Tuesday, November 01, 2005

Decision 1032

You can read the full decision here.

The Judicial Council's ruling seems to hang on the interpretation of two Discipline text. In my opinion, one of these decisions is correct, but the other is wrong. Here is the first quote from Decision 1032:

Paragraph 225 states: "Transfer from Other Denominations – A member in good standing in any Christian denomination who has been baptized and who desires to unite with The United Methodist Church may [emphasis added] be received as either a baptized or a professing member by a proper certificate of transfer from that person's former church, or by a declaration of Christian faith, and upon affirming a willingness to be loyal to The United Methodist Church (see ¶¶ 214-217) . . . ."

The Council is right here in saying that Paragraph 225 does not say that all transferring members must be accepted. They "may be received." The church is not required to receive them.

Here is a second quote from Decision 1032:

Paragraph 214 states: "Eligibility – The United Methodist Church is a part of the holy catholic (universal) church, as we confess in the Apostles' Creed. In the church, Jesus Christ is proclaimed and professed as Lord and Savior. All people may [emphasis added] attend its worship services, participate in its programs, receive the sacraments and become members in any local church in the connection . . . . ” The operative word in connection with the phrase "become members in any local church in the connection" is "may." Decision 930 established the premise that "shall" cannot be used to replace "may" in the Discipline. Thus the General Conference has determined that any person “may” become a member of any local church in the connection.

Here they are using the same argument about the word "may." However, there is a problem. In Paragraph 225, the verb was in the passive voice: "may be received." An outside authority, presumably the pastor or local church, is the entity that gets to decide whether or not "may" becomes reality. However, in this case, Paragraph 214 has an active verb: "All people may attend its worship services, participate in its programs, receive the sacraments and become members in any local church in the connection." The "may" is attached directly to "All people." It is the "all people" who have the power over the "may." The persons presenting themselves get to decide whether they will or will not become members, not the pastor.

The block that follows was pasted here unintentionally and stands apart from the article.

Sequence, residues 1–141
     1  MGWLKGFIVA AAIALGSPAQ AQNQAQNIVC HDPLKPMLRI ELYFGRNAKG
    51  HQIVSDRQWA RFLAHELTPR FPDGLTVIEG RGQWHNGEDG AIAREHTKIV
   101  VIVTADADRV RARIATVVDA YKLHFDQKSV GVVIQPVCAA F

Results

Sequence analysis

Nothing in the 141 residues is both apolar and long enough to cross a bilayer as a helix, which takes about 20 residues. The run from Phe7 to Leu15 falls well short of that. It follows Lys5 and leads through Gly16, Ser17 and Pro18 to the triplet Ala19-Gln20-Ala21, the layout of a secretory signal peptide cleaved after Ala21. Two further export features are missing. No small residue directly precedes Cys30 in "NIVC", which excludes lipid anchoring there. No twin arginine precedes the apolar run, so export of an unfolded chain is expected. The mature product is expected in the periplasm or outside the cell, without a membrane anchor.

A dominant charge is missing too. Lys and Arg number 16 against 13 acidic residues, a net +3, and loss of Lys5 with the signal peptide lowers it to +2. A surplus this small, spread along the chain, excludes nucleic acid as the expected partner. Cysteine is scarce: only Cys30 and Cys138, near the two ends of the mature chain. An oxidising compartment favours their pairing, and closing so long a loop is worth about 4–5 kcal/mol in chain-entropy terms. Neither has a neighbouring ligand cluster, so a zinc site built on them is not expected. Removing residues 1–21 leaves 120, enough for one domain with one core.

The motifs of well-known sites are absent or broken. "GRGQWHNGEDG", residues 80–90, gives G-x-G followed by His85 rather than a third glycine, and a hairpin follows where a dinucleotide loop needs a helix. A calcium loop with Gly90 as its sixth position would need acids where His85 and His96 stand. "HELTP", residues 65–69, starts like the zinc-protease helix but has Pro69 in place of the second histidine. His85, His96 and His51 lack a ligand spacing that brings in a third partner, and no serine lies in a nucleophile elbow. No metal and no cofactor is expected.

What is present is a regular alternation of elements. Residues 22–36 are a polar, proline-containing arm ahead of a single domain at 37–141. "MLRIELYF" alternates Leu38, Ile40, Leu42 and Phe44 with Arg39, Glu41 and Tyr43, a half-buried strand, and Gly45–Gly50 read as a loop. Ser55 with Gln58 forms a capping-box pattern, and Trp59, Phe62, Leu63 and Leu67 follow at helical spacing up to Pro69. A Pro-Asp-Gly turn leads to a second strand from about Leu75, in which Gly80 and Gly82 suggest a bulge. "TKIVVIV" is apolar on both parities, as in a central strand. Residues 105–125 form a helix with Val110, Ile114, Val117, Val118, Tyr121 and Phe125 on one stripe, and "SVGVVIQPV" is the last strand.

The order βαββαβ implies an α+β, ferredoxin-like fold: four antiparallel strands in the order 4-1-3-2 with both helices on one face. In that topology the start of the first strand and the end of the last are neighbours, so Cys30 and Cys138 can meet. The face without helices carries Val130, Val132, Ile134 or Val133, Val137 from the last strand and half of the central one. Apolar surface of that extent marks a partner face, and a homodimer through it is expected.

Furthermore, if we take the Judicial Council's ruling as it is, we must assume that the pastor is able to bar people from more than just membership. The pastor decides whether someone can "attend its [the UMC's] worship services, participate in its programs, receive the sacraments..." So, if we believe the Judicial Council, all UMC clergy can bar anyone they don't like from worship, refuse to give them the sacraments, or kick them out of church programs. This is not only against the Discipline, but it is against the very heart and nature of The UMC.


Blogger Brian said...

It is like the Clinton case - it all depended on how you define "is". This term we've been talking about law and judicial activism (in the political system obviously), but there are a lot of parallels to our discussions in this case. I won't bore you here though!

11:08 PM  
Anonymous Anonymous said...

Yes, it reads like prooftexting to me, too. Very unWesley.

Mary Ann

5:42 AM  

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